President Jacob Zuma has 10 days to either sign the Financial Intelligence Centre Amendment bill or he will find himself at the Constitutional Court, again, having to explain why he has not passed it.
The president has so far not explained why he has failed to sign the bill, which is aimed at combating financial crimes like money laundering and tax evasion. It was approved by Parliament last month.
If Zuma does not pass the bill because he has concerns about its legality, he has to send it to the Constitutional Court for a verdict.
These are his only options, said Lawson Naidoo of the Centre for the Advancement of the South African Constitution (Casac). Speaking to the Huffington Post SA on Thursday, Casac said it has given Zuma 10 working days either to sign the bill, or meet them in court.
Opposition parties in Parliament also called for Zuma to sign the bill this week. According to Indepndent Online, the IFP's Mkhuleko Hlengwa said: "Parliament thoroughly dealt with the constitutional questions that he had raised. We want to impress upon the president to prioritise this bill."
The bill was tabled in Parliament by Treasury in April 2015, after determining that the piece of legislation needed a longer overdue clean-up. This is because South Africa has been a member of the Financial Action Task Force (FAFT), which is an international body that works to combat financial crime, since 2003. The South African piece of legislation had to be updated to bring it in line with FAFT standards.
Zuma sat on the bill for months, until Casac filed papers at the Constitutional Court in November last year. On the day that Zuma had to file his responding papers, he sent the bill back to Parliament on November 30, with concerns about the constitutionality of the clauses about warrantless searches.
The bill increases regulation of banks and other financial institutions, including trusts and estate agents, and is supposed to prevent financial crimes like money laundering.
While Zuma highlighted concerns around warrantless searches, his real bone of contention is believed by some experts to be that it could expose politically-connected people. The bill would oblige banks for example to look into the activities of such clients.
These clients could hypothetically include people close to the president such as, say, the Guptas.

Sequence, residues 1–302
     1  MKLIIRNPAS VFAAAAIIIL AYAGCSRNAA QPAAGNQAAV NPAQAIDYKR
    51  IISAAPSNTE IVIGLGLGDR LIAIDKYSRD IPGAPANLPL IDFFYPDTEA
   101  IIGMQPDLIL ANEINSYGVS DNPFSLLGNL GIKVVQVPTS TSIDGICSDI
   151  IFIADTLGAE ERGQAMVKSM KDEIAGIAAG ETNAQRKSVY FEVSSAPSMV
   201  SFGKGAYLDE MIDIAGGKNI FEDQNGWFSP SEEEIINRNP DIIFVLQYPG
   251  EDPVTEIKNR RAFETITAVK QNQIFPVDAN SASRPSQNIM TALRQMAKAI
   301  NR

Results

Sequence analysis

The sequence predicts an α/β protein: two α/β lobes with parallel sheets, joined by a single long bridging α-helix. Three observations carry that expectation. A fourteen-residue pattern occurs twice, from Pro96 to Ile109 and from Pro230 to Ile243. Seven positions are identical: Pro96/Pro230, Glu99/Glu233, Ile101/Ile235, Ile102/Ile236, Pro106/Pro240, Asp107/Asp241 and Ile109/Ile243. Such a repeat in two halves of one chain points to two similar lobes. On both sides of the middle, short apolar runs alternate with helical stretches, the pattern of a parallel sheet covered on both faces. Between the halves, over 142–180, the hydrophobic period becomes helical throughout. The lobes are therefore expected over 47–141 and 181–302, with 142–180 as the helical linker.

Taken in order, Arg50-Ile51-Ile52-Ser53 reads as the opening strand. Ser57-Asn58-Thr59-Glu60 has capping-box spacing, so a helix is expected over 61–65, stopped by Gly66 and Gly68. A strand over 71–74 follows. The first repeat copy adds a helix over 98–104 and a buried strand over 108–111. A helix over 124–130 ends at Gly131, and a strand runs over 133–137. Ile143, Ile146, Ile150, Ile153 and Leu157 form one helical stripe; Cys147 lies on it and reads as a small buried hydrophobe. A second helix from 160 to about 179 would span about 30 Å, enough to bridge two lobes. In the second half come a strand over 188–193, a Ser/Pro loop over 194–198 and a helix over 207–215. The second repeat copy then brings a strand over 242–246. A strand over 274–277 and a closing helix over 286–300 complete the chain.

What's at stake is probably best indicated by those who are not in favour of the bill.
The Gupta-owned television station ANN7, for example, has campaigned against it. When the bill was signed off by Parliament, it said it was "most certainly the worst and shameful day for South Africa" and "the beginning of a long winter of discontent".
MPs have been uncharacteristically united in saying the bill is constitutional and ready to be passed.
Chairperson of Parliament's portfolio committee on finance, Yunus Carrim, said the bill had been misunderstood by its critics.
The Progressive Professionals Forum (PPF) and Black Business Council (BBC) have said that the bill would victimise black African businesses.
"Their argument is that aspects of the powers granted to the inspectors of the Financial Intelligence Centre are unconstitutional and they belong to the security sector," Carrim told talk radio station 702.
"There seems to be some confusion. It is not the banks that have any special power through this bill‚ it's the Financial Intelligence Centre that does effectively.
"Emerging entrepreneurs cannot use as an excuse the banks' regulatory dispensation and their policies as being discriminatory if they themselves as individuals are doing things outside the law.
"We need to find the right balance‚ it doesn't matter what colour your skin colour is‚ you must abide by the law and the practices that are legitimate‚ and don't use this bill as an excuse," he said.